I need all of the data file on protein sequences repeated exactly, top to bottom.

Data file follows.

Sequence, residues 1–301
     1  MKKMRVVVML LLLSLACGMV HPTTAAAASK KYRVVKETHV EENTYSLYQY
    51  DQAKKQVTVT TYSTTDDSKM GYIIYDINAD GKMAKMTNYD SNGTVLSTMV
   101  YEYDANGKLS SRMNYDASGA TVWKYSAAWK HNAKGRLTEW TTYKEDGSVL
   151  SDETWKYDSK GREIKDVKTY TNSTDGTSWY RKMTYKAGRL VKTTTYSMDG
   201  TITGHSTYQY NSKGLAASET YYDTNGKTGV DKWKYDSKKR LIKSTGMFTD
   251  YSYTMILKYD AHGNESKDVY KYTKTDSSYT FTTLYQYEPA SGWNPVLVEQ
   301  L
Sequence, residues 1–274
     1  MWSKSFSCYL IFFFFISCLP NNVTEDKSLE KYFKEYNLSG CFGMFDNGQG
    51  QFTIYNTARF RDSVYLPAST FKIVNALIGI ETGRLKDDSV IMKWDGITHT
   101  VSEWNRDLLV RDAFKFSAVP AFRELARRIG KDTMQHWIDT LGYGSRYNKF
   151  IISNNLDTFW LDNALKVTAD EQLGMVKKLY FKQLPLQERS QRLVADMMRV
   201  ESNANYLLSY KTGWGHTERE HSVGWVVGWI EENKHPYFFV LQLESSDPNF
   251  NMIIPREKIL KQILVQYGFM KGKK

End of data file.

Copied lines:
Sequence, residues 1–301
     1  MKKMRVVVML LLLSLACGMV HPTTAAAASK KYRVVKETHV EENTYSLYQY
    51  DQAKKQVTVT TYSTTDDSKM GYIIYDINAD GKMAKMTNYD SNGTVLSTMV
   101  YEYDANGKLS SRMNYDASGA TVWKYSAAWK HNAKGRLTEW TTYKEDGSVL
   151  SDETWKYDSK GREIKDVKTY TNSTDGTSWY RKMTYKAGRL VKTTTYSMDG
   201  TITGHSTYQY NSKGLAASET YYDTNGKTGV DKWKYDSKKR LIKSTGMFTD
   251  YSYTMILKYD AHGNESKDVY KYTKTDSSYT FTTLYQYEPA SGWNPVLVEQ
   301  L
Sequence, residues 1–274
     1  MWSKSFSCYL IFFFFISCLP NNVTEDKSLE KYFKEYNLSG CFGMFDNGQG
    51  QFTIYNTARF RDSVYLPAST FKIVNALIGI ETGRLKDDSV IMKWDGITHT
   101  VSEWNRDLLV RDAFKFSAVP AFRELARRIG KDTMQHWIDT LGYGSRYNKF
   151  IISNNLDTFW LDNALKVTAD EQLGMVKKLY FKQLPLQERS QRLVADMMRV
   201  ESNANYLLSY KTGWGHTERE HSVGWVVGWI EENKHPYFFV LQLESSDPNF
   251  NMIIPREKIL KQILVQYGFM KGKK